Hurd et al v. Clark County School District et al

Filing 62

ORDER that 20 , 30 Motions to Dismiss are GRANTED in part and DENIED in part. FURTHER ORDERED that 37 Motion for Leave to File Supplemental Authority is GRANTED. FURTHER ORDERED that Plaintiffs shall have twenty-one days from the filing of th is Order to file an amended complaint. Failure to file an amended complaint by this date shall result in the Court dismissing the section 1983 claim with prejudice. Signed by Chief Judge Gloria M. Navarro on 9/29/17. (Copies have been distributed pursuant to the NEF - MMM)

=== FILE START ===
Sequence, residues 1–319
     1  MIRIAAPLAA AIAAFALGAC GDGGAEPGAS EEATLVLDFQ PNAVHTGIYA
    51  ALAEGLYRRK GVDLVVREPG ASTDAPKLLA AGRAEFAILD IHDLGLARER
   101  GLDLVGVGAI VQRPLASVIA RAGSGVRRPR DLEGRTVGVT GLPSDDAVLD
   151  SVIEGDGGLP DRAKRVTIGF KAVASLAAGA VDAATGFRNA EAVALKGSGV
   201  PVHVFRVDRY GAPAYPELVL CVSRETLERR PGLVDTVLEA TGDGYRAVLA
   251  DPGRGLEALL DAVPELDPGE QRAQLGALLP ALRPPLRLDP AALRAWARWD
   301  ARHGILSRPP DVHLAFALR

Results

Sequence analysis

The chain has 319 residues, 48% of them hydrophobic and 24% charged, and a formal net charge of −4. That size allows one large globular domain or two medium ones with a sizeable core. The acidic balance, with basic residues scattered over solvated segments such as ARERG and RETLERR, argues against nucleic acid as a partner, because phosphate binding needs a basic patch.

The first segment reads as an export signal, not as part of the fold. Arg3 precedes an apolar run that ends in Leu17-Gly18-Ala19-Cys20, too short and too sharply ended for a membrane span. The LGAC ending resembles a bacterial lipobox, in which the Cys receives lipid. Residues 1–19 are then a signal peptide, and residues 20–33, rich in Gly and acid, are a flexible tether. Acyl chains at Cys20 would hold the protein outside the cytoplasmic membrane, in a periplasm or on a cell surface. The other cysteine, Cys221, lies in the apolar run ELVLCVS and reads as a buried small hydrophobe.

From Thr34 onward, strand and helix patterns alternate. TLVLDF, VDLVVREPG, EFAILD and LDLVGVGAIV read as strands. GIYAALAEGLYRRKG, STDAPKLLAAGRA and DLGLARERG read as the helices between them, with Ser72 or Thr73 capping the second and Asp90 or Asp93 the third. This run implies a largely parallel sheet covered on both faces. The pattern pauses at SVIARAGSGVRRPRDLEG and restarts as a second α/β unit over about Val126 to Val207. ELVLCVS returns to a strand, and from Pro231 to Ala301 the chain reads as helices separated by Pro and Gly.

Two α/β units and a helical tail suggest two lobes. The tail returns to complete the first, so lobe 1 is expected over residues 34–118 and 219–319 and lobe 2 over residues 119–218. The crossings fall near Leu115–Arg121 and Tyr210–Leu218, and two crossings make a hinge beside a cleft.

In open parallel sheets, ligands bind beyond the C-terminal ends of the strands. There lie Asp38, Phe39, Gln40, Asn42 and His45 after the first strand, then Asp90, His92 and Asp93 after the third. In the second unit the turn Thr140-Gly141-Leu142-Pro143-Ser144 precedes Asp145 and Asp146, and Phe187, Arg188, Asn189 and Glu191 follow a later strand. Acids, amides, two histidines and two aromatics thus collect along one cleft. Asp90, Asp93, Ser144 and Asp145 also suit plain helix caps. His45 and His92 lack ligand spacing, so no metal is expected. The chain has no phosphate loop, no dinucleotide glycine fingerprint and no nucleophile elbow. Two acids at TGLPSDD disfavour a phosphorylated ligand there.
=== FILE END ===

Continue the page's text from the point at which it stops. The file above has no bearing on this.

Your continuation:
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1 UNITED STATES DISTRICT COURT 2 DISTRICT OF NEVADA 3 BROOK M. HURD, et al., 4 Plaintiffs, 5 vs. 6 7 CLARK COUNTY SCHOOL DISTRICT, et al., 8 Defendants. 9 ) ) ) ) ) ) ) ) ) ) Case No.: 2:16-cv-02011-GMN-NJK ORDER Pending before the Court is the Motion to Dismiss, (ECF No. 20), filed by Defendants 10 11 Clark County School District, Kristy Keller, and Shawn Paquette (collectively “Defendants”). 12 The Motion is joined by Defendant James P. Doran, (ECF No. 30). Plaintiffs L.M.V., M.H., 13 S.S. (“the Students”) and Brook M. Hurd, Geraldine C. Hurd, Luis O. Villalobos, Olivia N. 14 Espinoza, Zerkrollah Sanaei, and Elham Eghdamian (“the Parents”) (collectively “Plaintiffs”) 15 filed a response, (ECF No. 24), and Defendants filed a reply, (ECF No. 25). For the reasons 16 discussed herein, Defendants’ Motion to Dismiss is GRANTED in part and DENIED in 17 part.1 18 I. BACKGROUND This action arises out of the alleged physical and verbal abuse of three special education 19 20 students—M.H., L.M.V., and S.S—at Forbuss Elementary (“Forbuss”). (Am. Compl. ¶¶ 18–22, 21 ECF No. 14). Defendant Doran (“Doran”) was a Clark County School District (“CCSD”) 22 teacher at the time of the alleged abuse. (Id. ¶ 11). Defendant Shawn Paquette (“Paquette”) was 23 24 Also pending before the Court is Plaintiffs’ Motion for Leave to File Supplemental Authority, which concerns a recent Supreme Court ruling. (ECF No. 37). Defendants responded in opposition to the extent Plaintiffs additionally submitted non-binding authority. (ECF No. 39). For good cause appearing, and recognizing the additional authority as non-binding, the Court grants Plaintiffs’ Motion. 1 25 Page 1 of 15 1 the principal at Forbuss, and Defendant Kristy Keller (“Keller”) was the Assistant Chief 2 Student Achievement Officer. (Id. ¶ 12, 13). On or about August 24, 2014, the Students were assigned to Doran’s special education 3 4 classroom at the school. (Id. ¶ 19). While enrolled, Plaintiffs allege that Doran subjected the 5 Students to a “litany of physical and verbal abuses.” (Id. ¶¶ 23–26). With respect to L.M.V, 6 these abuses allegedly included “being pushed and grabbed, having his hands forcefully 7 slapped and hit, and being thrown into classroom furniture.” (Id. ¶ 23). With respect to M.H., 8 these abuses allegedly included being “grabbed and shoved into a wall” and lifted off the floor 9 by her hair. (Id. ¶ 24). With respect to S.S., these abuses allegedly included “being grabbed 10 hard enough to leave marks, being grabbed by the arm so hard as to cause the muscles and/or 11 tendons and/or bones of his arm to be seriously injured, having [his] feet stepped on by 12 DORAN [] and being kicked by DORAN as he lay on the floor.” (Id. ¶ 25). In addition to the 13 direct abuse, Plaintiffs allege that the Students observed Doran abuse other class members. (Id. 14 ¶ 26). 15 Plaintiffs further allege that Paquette and Keller were aware of what was going on in 16 Doran’s classroom but “failed to take prompt action to protect the children in their care or to 17 report the abuse to law enforcement or to parents.” (Id. ¶ 32). While the families of L.M.V. and 18 M.H. did eventually receive reports from CCSD that Doran had used prohibited “aversive 19 interventions” on their children, Plaintiffs assert that Defendants tried to “minimize the nature 20 of the abuse” by falsely telling the families that the incidents were a “one-time only” 21 occurrence. (Id. ¶ 34). Furthermore, Plaintiffs assert that Defendants did not even inform the 22 Parents that Doran was under a criminal investigation at the time. (Id.). 23 In July 2015, a formal criminal complaint was filed against Doran, charging him with 24 three counts of battery for willfully and unlawfully using force or violence against L.M.V. (Id. 25 ¶ 35). According to Plaintiffs, however, Defendants still did not inform the Parents of the Page 2 of 15 1 criminal charges. (Id.). Furthermore, during the six week intervening period between the 2 criminal complaint and Doran’s eventual arrest, Plaintiffs assert that Doran was permitted to 3 continue teaching the students. (Id. ¶ 35). Plaintiffs claim that although they learned some of 4 the details of the abuse after reading about it in a Review Journal article on August 26, 2015, 5 Defendants have still failed to formerly notify the Parents of the extent of the abusive acts. (Id. 6 ¶ 37). On October 27, 2016, Plaintiffs filed their Amended Complaint (the “Complaint”) 7 8 before the Court. (ECF No. 14). In their Complaint, Plaintiffs allege a number of federal and 9 state law causes of action, including: (1) violation of constitutional rights under 42 U.S.C. § 10 1983; (2) discrimination in violation of the Americans with Disabilities Act; (3) violation of the 11 Rehabilitation Act of 1973; (4) battery; (5) criminal violations motivated by characteristics of 12 the victim; (6) intentional infliction of emotional distress; (7) negligence; (8) negligent 13 supervision; and (9) enhanced damages for injury or loss suffered by a vulnerable person. On 14 December 1, 2016, Defendants filed the instant Motion to Dismiss. (ECF No. 20). 15 II. 16 LEGAL STANDARD Rule 12(b)(6) of the Federal Rules of Civil Procedure mandates that a court dismiss a 17 cause of action that fails to state a claim upon which relief can be granted. See North Star Int’l 18 v. Ariz. Corp. Comm’n, 720 F.2d 578, 581 (9th Cir. 1983). When considering a motion to 19 dismiss under Rule 12(b)(6) for failure to state a claim, dismissal is appropriate only when the 20 complaint does not give the defendant fair notice of a legally cognizable claim and the grounds 21 on which it rests. See Bell Atl. Corp. v. Twombly, 550 U.S. 544, 555 (2007). In considering 22 whether the complaint is sufficient to state a claim, the Court will take all material allegations 23 as true and construe them in the light most favorable to the plaintiff. See NL Indus., Inc. v. 24 Kaplan, 792 F.2d 896, 898 (9th Cir. 1986). 25 Page 3 of 15 1 The Court, however, is not required to accept as true allegations that are merely 2 conclusory, unwarranted deductions of fact, or unreasonable inferences. See Sprewell v. Golden 3 State Warriors, 266 F.3d 979, 988 (9th Cir. 2001). A formulaic recitation of a cause of action 4 with conclusory allegations is not sufficient; a plaintiff must plead facts showing that a 5 violation is plausible, not just possible. Ashcroft v. Iqbal, 556 U.S. 662, 678 (2009) (citing 6 Twombly, 550 U.S. at 555) (emphasis added). In order to survive a motion to dismiss, a 7 complaint must allege “sufficient factual matter, accepted as true, to state a claim to relief that 8 is plausible on its face.” Id. “A claim has facial plausibility when the plaintiff pleads factual 9 content that allows the court to draw the reasonable inference that the defendant is liable for the 10 11 misconduct alleged.” Id. “Generally, a district court may not consider any material beyond the pleadings in ruling 12 on a Rule 12(b)(6) motion . . . . However, material which is properly submitted as part of the 13 complaint may be considered on a motion to dismiss.” Hal Roach Studios, Inc. v. Richard 14 Feiner & Co., 896 F.2d 1542, 1555 n.19 (9th Cir. 1990) (citations omitted). Similarly, 15 “documents whose contents are alleged in a complaint and whose authenticity no party 16 questions, but which are not physically attached to the pleading, may be considered in ruling on 17 a Rule 12(b)(6) motion to dismiss” without converting the motion to dismiss into a motion for 18 summary judgment. Branch v. Tunnell, 14 F.3d 449, 454 (9th Cir. 1994). Under Federal Rule 19 of Evidence 201, a court may take judicial notice of “matters of public record.” Mack v. S. Bay 20 Beer Distrib., 798 F.2d 1279, 1282 (9th Cir. 1986). Otherwise, if the district court considers 21 materials outside of the pleadings, the motion to dismiss is converted into a motion for 22 summary judgment. See Fed. R. Civ. P. 12(d); Arpin v. Santa Clara Valley Transp. Agency, 261 23 F.3d 912, 925 (9th Cir. 2001). 24 25 If the court grants a motion to dismiss, it must then decide whether to grant leave to amend. Pursuant to Rule 15(a), the court should “freely” give leave to amend “when justice so Page 4 of 15 1 requires,” and in the absence of a reason such as “undue delay, bad faith or dilatory motive on 2 the part of the movant, repeated failure to cure deficiencies by amendments previously allowed, 3 undue prejudice to the opposing party by virtue of allowance of the amendment, futility of the 4 amendment, etc.” Foman v. Davis, 371 U.S. 178, 182 (1962). Generally, leave to amend is 5 only denied when it is clear that the deficiencies of the complaint cannot be cured by 6 amendment. See DeSoto v. Yellow Freight Sys., Inc., 957 F.2d 655, 658 (9th Cir. 1992). 7 III. DISCUSSION 8 In the instant Motion, Defendants argue that Plaintiffs’ federal law causes of action 9 should be dismissed because Plaintiffs failed to exhaust administrative remedies. (Mot. to 10 Dismiss 7:6–11:19, ECF No. 20). In addition, Defendants argue that Plaintiffs’ federal and 11 state law causes of action should be dismissed for failure to state a claim. (Id. 11:20–19:12). 12 Defendants further argue that, even if Plaintiffs sufficiently stated a claim, Paquette and Keller 13 are entitled to qualified and discretionary immunity on the section 1983 claim and certain state 14 law claims. (Id. 20:4–22:15). The Court addresses the sufficiency of each argument in turn. 15 A. Administrative Exhaustion 16 Defendants argue that Plaintiffs are required to exhaust administrative remedies pursuant 17 to the Individuals with Disabilities Education Act (“IDEA”). (Id. 7:7–12). In support of this 18 argument, Defendants assert that “Plaintiffs appear to seek recovery based at least in part on 19 allegations related to the education and educational service provided to the Student Plaintiffs.” 20 (Id.). 21 The Individuals with Disabilities Act (“IDEA”), codified at 20 U.S.C. § 1400 et seq., is a 22 comprehensive federal scheme that “confer[s] on disabled students a substantive right to public 23 education and provide[s] financial assistance to enable states to meet their financial 24 needs.” Hoeft v. Tucson Unified Sch. Dist., 967 F.2d 1298, 1300 (9th Cir.1992). “Federal 25 funding is conditioned upon state compliance with the IDEA's extensive substantive and Page 5 of 15 1 procedural requirements.” Id. “To qualify for federal funds, the state must have in effect ‘a 2 policy that assures all children with disabilities the right of a free appropriate public 3 education.’” Id. (quoting 20 U.S.C. § 1412(1)). The “free appropriate public education” is 4 often referred to as a “FAPE.” Under IDEA, the exhaustion requirement provides: 5 6 7 8 9 10 11 Nothing in this chapter shall be construed to restrict or limit the rights, procedures, and remedies available under the Constitution, the Americans with Disabilities Act of 1990 [42 U.S.C. 12101 et seq.], Title V of the Rehabilitation Act of 1973 [29 U.S.C. 790 et seq.], or other Federal laws protecting the rights of children with disabilities, except that before the filing of a civil action under such laws seeking relief that is also available under this subchapter, the procedures under subsections (f) and (g) shall be exhausted to the same extent as would be required had the action been brought under this subchapter. 20 U.S.C. § 1415(l) (alterations in original). In Payne v. Peninsula Sch. Dist., the Ninth Circuit adopted a “relief-centered” approach 12 that district courts should employ when determining whether a plaintiff must meet IDEA's 13 exhaustion requirements. 653 F.3d 863, 874 (9th Cir.2011). Under this approach, “IDEA's 14 exhaustion provision applies only in cases where the relief sought by a plaintiff in the pleadings 15 is available under the IDEA.” Id. at 871. The Ninth Circuit further clarified that “when 16 determining whether the IDEA requires a plaintiff to exhaust, courts should start by looking at 17 a complaint's prayer for relief and determine whether the relief sought is also available under 18 the IDEA. If it is not, then it is likely that § 1415(l) does not require exhaustion in that case.” 19 Id. at 875. 20 More recently, the Supreme Court addressed this same interplay between IDEA 21 exhaustion and other federal statutes. See Fry v. Napoleon Cmty. Sch., 137 S. Ct. 743 (2017). 22 In Fry, the Supreme Court stated that “[t]he only relief that an IDEA officer can give—hence 23 the thing a plaintiff must seek in order to trigger § 1415(l )'s exhaustion rule—is relief for the 24 denial of a FAPE.” Id. at 753. The Supreme Court therefore found that the “exhaustion rule 25 hinges on whether a lawsuit seeks relief for the denial of a free appropriate education. If a lawsuit charges such a denial, the plaintiff cannot escape § 1415(1) merely by bringing [] suit Page 6 of 15 1 under a statute other than the IDEA.” Id. at 754. Thus, the critical factor for courts to consider 2 is whether “the gravamen of a complaint seeks redress for a school’s failure to provide a 3 FAPE.” Id. at 755. If the gravamen of the complaint concerns something other than the denial 4 of a FAPE, then no exhaustion is required. Id. 5 In analyzing the gravamen of the complaint, the Supreme Court offered three “clues” for 6 courts to look for: (1) whether the plaintiff could have brought essentially the same claim if the 7 alleged conduct had occurred at a public facility that was not a school; (2) whether an adult at 8 the school could have pressed essentially the same grievance; and (3) whether parents, before 9 filing suit under the ADA or the Rehabilitation Act, began to pursue but then abandoned the 10 11 IDEA's formal procedures. Id. at 756–57. Here, the Court finds that the gravamen of the Complaint does not seek redress for the 12 school’s failure to provide a FAPE. Notably, the complaint makes no direct reference to the 13 adequacy of the special education services provided at the Students’ school. Rather, Plaintiffs’ 14 claims focus almost exclusively on the injuries caused by the alleged discrimination and abuse. 15 In this sense, Plaintiffs’ allegations would be actionable whether the conduct occurred at a non- 16 school public facility or against adults. While Plaintiffs do concede some of the Parents 17 initially sought relief through IDEA’s formal procedures, this factor alone is insufficient to alter 18 the gravamen of the complaint. See Fry, 137 S. Ct. at 757 (acknowledging that a plaintiff may 19 abandon IDEA procedures after realizing that their grievance involves something other than a 20 FAPE complaint). Based on the Complaint, it appears likely that the Parents pursued relief 21 through IDEA procedures before being fully aware of the extent of Doran’s alleged abuse. 22 Defendants do not contest that the relief sought in the Complaint does not facially 23 concern the deprivation of a FAPE. Rather, Defendants argue that two specific statements in 24 the Complaint indicate that Plaintiffs’ claims are actually based on denial of a FAPE. (See Mot. 25 to Dismiss 9:9–19). The first statement that Defendants take issue with is that “[b]y subjecting Page 7 of 15 1 the minor plaintiffs to ongoing physical and verbal abuse, L.M.V., M.H., and S.S. were unable 2 to enjoy the benefits of education.” (Am. Compl. ¶ 114). With respect to this statement, 3 however, Plaintiffs are not challenging the quality or accessibility of the FAPE itself but rather 4 the Students’ ability to benefit from the FAPE in light of the abuse. Therefore, the focus of this 5 allegation is still on the impact of the alleged abuse and not the failure to provide a FAPE. The 6 second statement that Defendants take issue with is that Doran’s conduct was “objectively 7 unreasonable under the circumstances and in light of the educational objectives L.M.V., M.H., 8 and S.S. were trying to achieve.” (Id. ¶ 104). Again, the focus of Plaintiffs’ statement is not on 9 the deprivation of a FAPE. Rather, the statement only references educational objectives insofar 10 as it highlights the alleged unreasonableness of Doran’s actions. Based on the above, the Court 11 finds that the gravamen of the Complaint does not seek redress for the failure to provide a 12 FAPE, and therefore administrative exhaustion is not required in this case. 13 14 15 B. Failure to State a Claim—Federal Law Claims 1. Americans with Disabilities Act and Rehabilitation Act Defendants next argue that the Complaint fails to state a claim under the Americans with 16 Disabilities Act (“ADA”) and Rehabilitation Act. (See Mot. to Dismiss 13:16–14:15). Title II 17 of the ADA provides that “no qualified individual with a disability shall, by reason of such 18 disability, be excluded from participation in or be denied access to or benefit of any services, 19 programs, or activities of a public entity, or be subjected to discrimination by any such entity.” 20 42 U.S.C. § 12132. To state a claim under Title II, a plaintiff must allege that he is a “qualified 21 individual with a disability” and that the defendant denied him benefits or services “by reason 22 of” his disability. Duvall v. Cty. Of Kitsap, 260 F.3d 1124, 1135 (9th Cir. 2001); 42 U.S.C. § 23 12132. Furthermore, to state a claim for money damages, a plaintiff must allege that the 24 defendant was “deliberately indifferent” to the discrimination. Id. at 1138. In the context of 25 education, deliberate indifference means that the school district knew that harm to a federally Page 8 of 15 1 protected right was “substantially likely” but failed to act. Id. The elements of a Rehabilitation 2 Act claim do not differ in any relevant respect and therefore can be addressed together. Zukle v. 3 Regents of the Univ. of Cal., 166 F.3d 1041, 1045 n.11 (9th Cir. 1999). 4 Defendants argue that Plaintiffs fail to identify “CCSD’s alleged wrongful acts, [and 5 instead] the Complaint summarily concludes that CCSD was deliberately indifferent to claims 6 of abuse.” (Mot. to Dismiss 14:7–10). According to Defendants, “there are no facts to support 7 Plaintiffs’ conclusion that CCSD’s acts were motivated based on disability discrimination 8 simply because the Plaintiffs were special education students.” (Id. 14:10–14). The Court 9 disagrees. Defendants’ contention ignores the well-established rule that a public entity may be 10 held liable in respondeat superior for the acts of its employees. Duvall, 260 F.3d at 1141. 11 To that end, Plaintiffs allege that Paquette and Keller were deliberately indifferent by 12 allowing Doran’s abuse against disabled students to continue for months and misleading the 13 Parents as to the extent of the abuse. (Id. ¶¶ 118, 119); see Roe v. Nevada, 332 F. Supp. 2d 14 1331, 1341 (D. Nev. 2004) (finding ADA claims established by allegations that defendants had 15 notice of the alleged student abuse and yet failed to act). This assertion is premised on the 16 theory that non-disabled children were not subjected to the same acts of abuse and inequality. 17 (Id. ¶ 114, 115). 18 In Reply, Defendants argue that, even if vicarious liability applied, Plaintiffs have failed 19 to plead that the CCSD employees were acting in the course and scope of their employment. 20 (Defs.’ Reply 8:17–27, ECF No. 25). The Court again disagrees. As alleged, Paquette and 21 Keller were plausibly acting in the scope of their employment by meeting and communicating 22 with the Parents regarding the abuse allegations. (See Am. Compl. ¶ 34). Furthermore, with 23 respect to Doran, it is plausible that acting as a special education teacher would occasionally 24 necessitate a level of non-aversive physical contact or verbal force as part of his duty to 25 “exercise control” over the classroom. To the extent Doran exceeded that force, the Court Page 9 of 15 1 cannot determine at this time that Doran’s actions fell outside the scope of his employment. See 2 Ray v. Value Behavioral Health, Inc. 967 F. Supp. 417, 422 (D. Nev. 1997) (determining that 3 scope of employment issue could not be resolved at motion to dismiss phase because no fact 4 discovery regarding the scope of employment had been developed). Accordingly, the Court 5 denies Defendants’ Motion to Dismiss as to the ADA and Rehabilitation Act claims. 6 2. Violation of Constitutional Rights Under 42 U.S.C. § 1983 7 Defendants argue that the section 1983 claim fails because the Plaintiffs have not alleged 8 that a CCSD policy “led to the violations of Plaintiffs’ rights by Doran.” (Mot. to Dismiss 9 12:2–6). In Response, Plaintiffs concede that “the basis of the claim against CCSD for 10 violation of Plaintiffs’ constitutional rights should be clarified.” (Response 15:9–12). 11 Accordingly, the Court grants dismissal of this claim without prejudice.2 12 C. Failure to State a Claim—State Law Claims 13 1. Battery 14 Defendants argue that CCSD cannot be liable for battery because Plaintiffs have failed 15 to sufficiently allege vicarious liability. (Mot. to Dismiss 14:19–15:2). In Nevada, an employer 16 may be held vicariously liable for the tortious conduct of its employees when the employees’ 17 conduct was in furtherance of their employment or within the scope of their employment. Wood 18 v. Safeway, Inc., 121 P.3d 1026, 1036 (Nev. 2005). As explained above, the Court finds that 19 Plaintiffs have alleged sufficient facts to plausibly establish that Doran was acting within the 20 scope of his employment. A more detailed argument on the actual merits of this issue is 21 22 23 As the Court is dismissing this claim without prejudice, the Court finds it premature to rule on Defendants’ qualified immunity argument. With respect to Defendants’ argument concerning Paquette and Keller “acting in their official capacity,” the Complaint does not indicate that those parties are sued in their official capacity. Therefore, Defendants’ argument is moot. 2 24 25 Page 10 of 15 1 premature at this stage. See Ray, 967 F. Supp. at 422. The Court therefore denies Defendants’ 2 Motion to Dismiss as to this claim. 3 4 2. Intentional Infliction of Emotional Distress Defendants argue that the Parents do not have standing to bring a claim for intentional 5 infliction of emotional distress (“IIED”) against Doran and vicariously against the CCSD. 6 (Mot. to Dismiss 16:9–14). In Nevada, a third-party bystander may recover on an IIED claim if 7 the bystander has a sufficiently “close relationship” with the victim and witnessed the incident. 8 Star v. Rabello, 625 P.2d 90, 92 (1981); see also Cardinale v. La Petite Acad., Inc., 207 F. 9 Supp. 2d 1158, 1161 (D. Nev. 2002) (holding that parents could not recover under IIED for 10 alleged abuse of their children at preschool absent allegations that they witnessed the abuse). 11 Here, the Complaint contains no allegations that the Parents personally witnessed any of the 12 alleged abuse. Accordingly, the Court grants dismissal of the Parents’ IIED claim against 13 Doran and against CCSD to the extent it is premised on Doran’s conduct. 14 Defendants additionally argue that Plaintiffs fail to state an IIED claim as to Paquette 15 and Keller. (Mot. to Dismiss 16:15–17). To establish a claim of IIED a plaintiff must 16 demonstrate that: (1) a defendant engaged in “extreme and outrageous conduct with either the 17 intention of, or reckless disregard for, causing emotional distress; (2) [the plaintiff] suffered 18 severe or extreme emotional distress; and (3) actual or proximate causation.” Posadas v. City of 19 Reno, 851 P.2d 438, 444 (Nev. 1993). “[E]xtreme and outrageous conduct is that which is 20 outside all possible bounds of decency and is regarded as utterly intolerable in a civilized 21 community”; however, this description does not encompass acts which are merely 22 “inconsiderate” or “unkind.” Maduike v. Agency Rent–A–Car, 953 P.2d 24, 26 (Nev. 1998). 23 Here, the core of Defendants’ arguments is that “Plaintiffs’ claim relies solely on 24 allegations that the CCSD Defendants’ response to unidentified and unknown acts of abuse by 25 Doran was insufficient.” (Mot. to Dismiss 17:6–10). This argument, however, is directly Page 11 of 15 1 contradicted by the allegations in the Complaint. Specifically, the Complaint alleges that 2 Paquette and Keller knew of the abuse, withheld information as to the extent of the abuse from 3 the parents, and withheld information even in light of the criminal investigation. (See Am. 4 Comp. ¶¶ 31, 34, 148–149). Taking these allegations as true, the Court finds that knowingly 5 withholding information and allowing a potentially abusive teacher to continue interacting with 6 the Students plausibly gives rise to an IIED claim. The Court therefore denies Defendants’ 7 Motion to Dismiss on this aspect of Plaintiffs’ IIED claim. 8 3. Negligence and Negligent Supervision Defendants argue that Plaintiffs’ “failure to warn” negligence claim fails to state a claim. 9 10 (Mot. to Dismiss 17:12–18). Additionally, Defendants argue that Plaintiffs’ negligent 11 supervision claim fails because the Complaint does not establish a causal link between 12 Defendants’ supervision and Doran’s abuse.3 (Id. 19:5–7). 13 Liability for a failure to warn claim exists where there is a special relationship between 14 the parties and the danger is foreseeable. See Mangeris v. Gordon, 580 P.2d 481, 483 (Nev. 15 1978). Moreover, liability for negligent supervision exists where: (1) the employer knew the 16 employee acted in a negligent manner; (2) the employer failed to train or supervise the 17 employee adequately; and (3) the employer’s negligence proximately caused the plaintiffs 18 injuries. Helle v. Core Home Health Servs. of Nevada, 238 P.3d 818 (Nev. 2008). 19 Here, Defendants do not contest that a special relationship exists between the parties. 20 Rather, Defendants argue that they “had no knowledge of abuse, only a concern regarding 21 improper restraint of which the Parent Plaintiffs were notified.” (Mot. to Dismiss 18:4–6). This 22 argument fails for the same reasons already discussed previously in this Order. Plaintiffs have 23 sufficiently alleged that Defendants had knowledge of the abuse, and therefore the danger to the 24 25 While the Complaint includes allegations related to Doran’s hiring, the stated cause of action is only for “negligent supervision.” Accordingly, the Court limits its analysis to the negligent supervision claim. 3 Page 12 of 15 1 Students was foreseeable. (See Am. Compl. ¶¶ 31–32, 34–37). The alleged failure to 2 reasonably act on that knowledge gives rise to both the negligence and negligent supervision 3 claim. The Court therefore denies Defendants’ Motion to Dismiss as to these claims. 4 D. Discretionary Act Immunity 5 Defendants argue that Paquette and Keller are entitled to discretionary act immunity 6 with respect to the IIED, negligence, and negligent supervision claims. (See Mot. to Dismiss 7 21:5–7). In Nevada, no negligence action may be brought against an employee of the state 8 “[b]ased upon the exercise or performance or the failure to exercise or perform a discretionary 9 function or duty . . . whether or not the discretion involved is abused.” Nev. Rev. Stat. § 10 41.032(2). Nevada looks to federal law regarding the Federal Tort Claims Act (the “FTCA”) 11 when analyzing claims of discretionary act immunity, and has adopted the Berkovitz–Gaubert 12 test for determining whether a decision falls within the scope of that immunity. Martinez v. 13 Maruszczak, 168 P.3d 720, 727–29 (Nev. 2007); see also Butler ex rel. Biller v. Bayer, 168 14 P.3d 1055, 1066 n.50 (Nev. 2007) (“The discretionary-act immunity provision contained in 15 NRS 41.032(2) is ‘virtually identical’ to the discretionary-act immunity provision found in the 16 [FTCA], 28 U.S.C. § 2680(a) (2000).”). Under that test, in order to qualify for discretionary- 17 act immunity, “a decision must (1) involve an element of individual judgment or choice and (2) 18 be based on considerations of social, economic, or political policy.” Id. at 729. 19 As a preliminary matter, the Court notes that discretionary act immunity does not extend 20 to intentional torts. See Franchise Tax Bd. of Cal. v. Hyatt, 335 P.3d 125, 139 (Nev. 2014) 21 (“[D]iscretionary-function immunity under NRS 41.032 does not include intentional torts and 22 bad-faith conduct”). Defendants’ argument therefore fails as to the IIED claim. With respect 23 to the negligence claims, the question then turns on whether Paquette and Keller’s actions were 24 “discretionary” in light of the fact that the very same allegations give rise to the IIED claim. 25 Within this context, the Court finds that Paquette and Keller’s alleged actions were not Page 13 of 15 1 discretionary. Notably, the Complaint alleges that Paquette and Keller “attempted to cover up 2 [the Students’] abuse” by minimizing the abuse to the Parents. (Am. Compl. ¶¶ 34, 37, 148).4 3 Taking the allegations as true, the Court finds that such actions are not “based on 4 considerations of social, economic, or political policy.” The Court therefore rejects 5 Defendants’ discretionary act immunity argument at this time. 6 E. Leave to Amend 7 Rule 15(a)(2) of the Federal Rules of Civil Procedure permits courts to “freely give 8 leave [to amend] when justice so requires.” Fed. R. Civ. P. 15(a)(2). The Ninth Circuit “ha[s] 9 held that in dismissing for failure to state a claim under Rule 12(b)(6), ‘a district court should 10 grant leave to amend even if no request to amend the pleading was made, unless it determines 11 that the pleading could not possibly be cured by the allegation of other facts.’” Lopez v. Smith, 12 203 F.3d 1122, 1127 (9th Cir. 2000) (quoting Doe v. United States, 58 F.3d 494, 497 (9th Cir. 13 1995)). 14 The Court finds that Plaintiffs may be able to plead additional facts to support their 15 section 1983 claim. Accordingly, the Court will grant Plaintiffs leave to file an amended 16 complaint. Plaintiffs shall file their amended complaint within twenty-one days of the date of 17 this Order if they can allege sufficient facts that plausibly establish the section 1983 claim. 18 /// 19 /// 20 21 22 4 23 24 25 The Complaint further alleges that Paquette and Keller had a legal duty to report the alleged abuse to law enforcement or a child welfare agency. (Id. ¶ 156–158). Defendants fail to address this allegation in their briefing. To the extent the allegation is true, however, Paquette and Keller would not be entitled to discretionary act immunity. See Nurse v. United States, 226 F.3d 996, 1002 (9th Cir. 2000) (stating in applying the FTCA’s discretionary function exception that “in general, governmental conduct cannot be discretionary if it violates a legal mandate”). Page 14 of 15 1 2 3 4 5 6 IV. CONCLUSION IT IS HEREBY ORDERED that the Motions to Dismiss, (ECF Nos. 20, 30), are GRANTED in part and DENIED in part consistent with the foregoing. IT IS FURTHER ORDERED that Plaintiffs’ Motion for Leave to File Supplemental Authority, (ECF No. 37), is GRANTED. IT IS FURTHER ORDERED that Plaintiffs shall have twenty-one days from the filing 7 of this Order to file an amended complaint. Failure to file an amended complaint by this date 8 shall result in the Court dismissing the section 1983 claim with prejudice. 9 29 DATED this _____ day of September, 2017. 10 11 12 ___________________________________ Gloria M. Navarro, Chief Judge United States District Judge 13 14 15 16 17 18 19 20 21 22 23 24 25 Page 15 of 15